CCC '14 S2 - Assigning Partners

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Points: 5
Time limit: 2.0s
Memory limit: 64M

Problem type
Canadian Computing Competition: 2014 Stage 1, Junior #5, Senior #2

The CEMC is organizing a workshop with an activity involving pairs of students. They decided to assign partners ahead of time. You need to determine if they did this consistently. That is, whenever A is a partner of B, then B is also a partner of A, and no one is a partner of themselves.

Input Specification

The input consists of three lines. The first line consists of an integer N (1 < N \le 30), which is the number of students in the class. The second line contains the first names of the N students separated by single spaces. (Names contain only uppercase or lowercase letters, and no two students have the same first name). The third line contains the same N names in some order, separated by single spaces.

The positions of the names in the last two lines indicate the assignment of partners: the ith name on the second line is the assigned partner of the ith name on the third line.

Output Specification

The output will be good if the two lists of names are arranged consistently, and bad if the arrangement of partners is not consistent.

Sample Input 1

4
Ada Alan Grace John
John Grace Alan Ada

Output for Sample Input 1

good

Explanation for Output for Sample Input 1

Ada and John are partners, and Alan and Grace are partners. This arrangement is consistent.

Sample Input 2

7
Rich Graeme Michelle Sandy Vlado Ron Jacob
Ron Vlado Sandy Michelle Rich Graeme Jacob

Output for Sample Input 2

bad

Explanation for Output for Sample Input 2

Graeme is partnered with Vlado, but Vlado is partnered with Rich. This is not consistent. It is also inconsistent because Jacob is partnered with himself.


Comments


  • 0
    kylew3636  commented on Feb. 4, 2022, 10:00 p.m. edit 4

    can anyone explain to me why I have gotten test case #10 wrong?, I tried all the test cases in the comment sections, however, my code prints correctly for those

    edit: nvm, for anyone else who is also getting test case #10 wrong try

    6
    A B C D E F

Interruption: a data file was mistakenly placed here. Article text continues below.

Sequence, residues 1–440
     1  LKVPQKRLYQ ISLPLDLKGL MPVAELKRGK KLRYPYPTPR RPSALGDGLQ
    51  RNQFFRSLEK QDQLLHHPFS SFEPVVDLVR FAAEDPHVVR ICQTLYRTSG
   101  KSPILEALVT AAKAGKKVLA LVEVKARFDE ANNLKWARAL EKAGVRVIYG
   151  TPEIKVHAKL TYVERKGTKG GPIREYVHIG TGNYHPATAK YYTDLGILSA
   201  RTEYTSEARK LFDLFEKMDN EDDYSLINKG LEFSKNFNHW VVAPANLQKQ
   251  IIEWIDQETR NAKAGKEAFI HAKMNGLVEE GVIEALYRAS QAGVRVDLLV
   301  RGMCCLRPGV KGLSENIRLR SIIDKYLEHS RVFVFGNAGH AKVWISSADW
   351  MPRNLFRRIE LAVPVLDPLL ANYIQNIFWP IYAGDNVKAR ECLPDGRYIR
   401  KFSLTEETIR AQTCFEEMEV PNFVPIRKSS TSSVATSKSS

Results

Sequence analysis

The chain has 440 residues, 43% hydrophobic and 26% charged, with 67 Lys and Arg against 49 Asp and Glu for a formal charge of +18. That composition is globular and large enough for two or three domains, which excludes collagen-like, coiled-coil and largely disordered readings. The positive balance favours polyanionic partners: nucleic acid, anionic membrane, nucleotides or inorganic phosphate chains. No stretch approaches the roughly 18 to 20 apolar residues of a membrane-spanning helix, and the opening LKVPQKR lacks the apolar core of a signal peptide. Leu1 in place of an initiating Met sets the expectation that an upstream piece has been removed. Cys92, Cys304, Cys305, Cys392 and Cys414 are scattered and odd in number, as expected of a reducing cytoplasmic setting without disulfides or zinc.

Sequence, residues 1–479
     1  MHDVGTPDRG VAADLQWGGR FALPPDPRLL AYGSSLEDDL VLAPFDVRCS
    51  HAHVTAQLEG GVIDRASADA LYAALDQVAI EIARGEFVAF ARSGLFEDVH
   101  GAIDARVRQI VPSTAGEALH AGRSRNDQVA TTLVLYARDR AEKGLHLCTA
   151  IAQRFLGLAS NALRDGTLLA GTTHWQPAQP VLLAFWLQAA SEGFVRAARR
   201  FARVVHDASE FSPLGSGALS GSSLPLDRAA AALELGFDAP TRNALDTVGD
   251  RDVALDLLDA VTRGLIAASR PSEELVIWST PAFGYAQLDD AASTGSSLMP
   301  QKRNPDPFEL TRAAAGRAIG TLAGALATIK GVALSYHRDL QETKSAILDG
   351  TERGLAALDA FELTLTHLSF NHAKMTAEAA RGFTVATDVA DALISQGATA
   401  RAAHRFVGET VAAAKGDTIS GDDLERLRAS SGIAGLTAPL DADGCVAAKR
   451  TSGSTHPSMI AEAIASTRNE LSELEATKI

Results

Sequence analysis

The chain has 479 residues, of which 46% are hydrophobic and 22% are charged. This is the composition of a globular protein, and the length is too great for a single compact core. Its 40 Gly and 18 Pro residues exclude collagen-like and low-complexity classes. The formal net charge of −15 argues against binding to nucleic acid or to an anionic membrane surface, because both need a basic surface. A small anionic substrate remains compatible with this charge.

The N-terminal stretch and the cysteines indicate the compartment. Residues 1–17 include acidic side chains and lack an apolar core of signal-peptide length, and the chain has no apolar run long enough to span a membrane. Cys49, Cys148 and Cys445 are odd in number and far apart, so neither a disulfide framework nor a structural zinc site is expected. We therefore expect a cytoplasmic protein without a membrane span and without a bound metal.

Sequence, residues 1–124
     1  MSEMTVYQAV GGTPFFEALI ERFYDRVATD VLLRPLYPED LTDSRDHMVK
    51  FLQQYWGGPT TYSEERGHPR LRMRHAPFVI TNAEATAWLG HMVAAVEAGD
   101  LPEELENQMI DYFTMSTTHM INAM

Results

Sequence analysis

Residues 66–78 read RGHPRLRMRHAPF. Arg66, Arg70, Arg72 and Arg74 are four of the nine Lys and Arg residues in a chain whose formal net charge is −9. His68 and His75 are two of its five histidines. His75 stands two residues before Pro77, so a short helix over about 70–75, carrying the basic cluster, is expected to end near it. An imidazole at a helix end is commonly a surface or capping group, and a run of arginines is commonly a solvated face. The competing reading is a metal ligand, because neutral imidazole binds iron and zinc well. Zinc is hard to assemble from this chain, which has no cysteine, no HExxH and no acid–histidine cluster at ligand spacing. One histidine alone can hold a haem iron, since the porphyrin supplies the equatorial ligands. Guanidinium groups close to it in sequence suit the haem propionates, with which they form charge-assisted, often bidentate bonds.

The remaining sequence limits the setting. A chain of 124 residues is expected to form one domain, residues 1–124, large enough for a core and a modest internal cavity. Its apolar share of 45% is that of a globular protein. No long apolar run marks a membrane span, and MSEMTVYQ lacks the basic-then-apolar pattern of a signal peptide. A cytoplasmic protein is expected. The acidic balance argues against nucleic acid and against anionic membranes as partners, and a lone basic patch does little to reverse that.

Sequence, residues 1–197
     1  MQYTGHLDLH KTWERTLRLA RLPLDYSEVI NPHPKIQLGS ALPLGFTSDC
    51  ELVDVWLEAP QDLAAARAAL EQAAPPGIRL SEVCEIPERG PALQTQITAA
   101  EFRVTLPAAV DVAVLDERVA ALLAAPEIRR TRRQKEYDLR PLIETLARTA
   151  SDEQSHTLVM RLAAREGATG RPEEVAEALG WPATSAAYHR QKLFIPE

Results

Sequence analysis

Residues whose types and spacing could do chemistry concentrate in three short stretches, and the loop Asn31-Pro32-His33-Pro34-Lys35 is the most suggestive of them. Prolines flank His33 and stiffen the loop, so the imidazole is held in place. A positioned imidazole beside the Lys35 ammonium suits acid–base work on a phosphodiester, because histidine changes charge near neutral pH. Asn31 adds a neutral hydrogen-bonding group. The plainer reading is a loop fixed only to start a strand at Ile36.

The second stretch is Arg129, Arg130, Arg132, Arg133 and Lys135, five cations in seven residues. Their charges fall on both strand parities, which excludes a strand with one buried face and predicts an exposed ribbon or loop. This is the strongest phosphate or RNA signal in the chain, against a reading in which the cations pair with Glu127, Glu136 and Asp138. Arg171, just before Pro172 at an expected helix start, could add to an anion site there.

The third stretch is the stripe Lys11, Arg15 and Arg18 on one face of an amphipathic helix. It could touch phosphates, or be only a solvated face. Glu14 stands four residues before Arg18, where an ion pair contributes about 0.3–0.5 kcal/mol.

F C B D E A


    • 1
      Spitfire720  commented on Feb. 4, 2022, 10:10 p.m.

      Try this test case:

      4
      a b c d
      d b c a

  • -1
    TheBoss123  commented on Jan. 25, 2022, 11:15 p.m.

    Anyone know why I cant get test #10


    • 0
      Spitfire720  commented on Jan. 26, 2022, 8:06 a.m.

      The reason is because you only look at the first half of the list of names, which is understandable but can fail to test cases like this:

      6
      a b c d e f
      d c b a f g

      Your code prints good


      • -1
        TheBoss123  commented on Jan. 30, 2022, 12:35 a.m.

        Thanks brah


  • -1
    nrushanthsuthaharan  commented on Dec. 27, 2021, 6:42 p.m.

    Does anyone know what test case 6 is asking?


    • 2
      Spitfire720  commented on Dec. 28, 2021, 10:01 a.m.

      Asking what the test case is asking doesn't mean anything, as only the question setters know.

      Try this test case:

      3
      a b c
      c a b

      It should print "bad"


  • -7
    Orion222  commented on July 4, 2020, 3:37 p.m.

    This comment is hidden due to too much negative feedback. Show it anyway.


    • 7
      AlanL  commented on July 4, 2020, 5:19 p.m.

      That's not what the problem is asking you to do. I'm surprised you got that many test cases right. You're supposed to be checking if each of the two names are being matched consistently, and the two partners are always partnered up with each other.


    • 1
      maxcruickshanks  commented on July 4, 2020, 5:15 p.m. edit 4

      Your solution is incorrect: you should try thinking of another solution to verify the partners are valid. If you're still stumped, try looking at the test cases you get wrong (namely, 2a, 2b, and 5a).


  • 18
    2rpy  commented on Jan. 6, 2019, 8:17 p.m. edited

    Many ways to do it.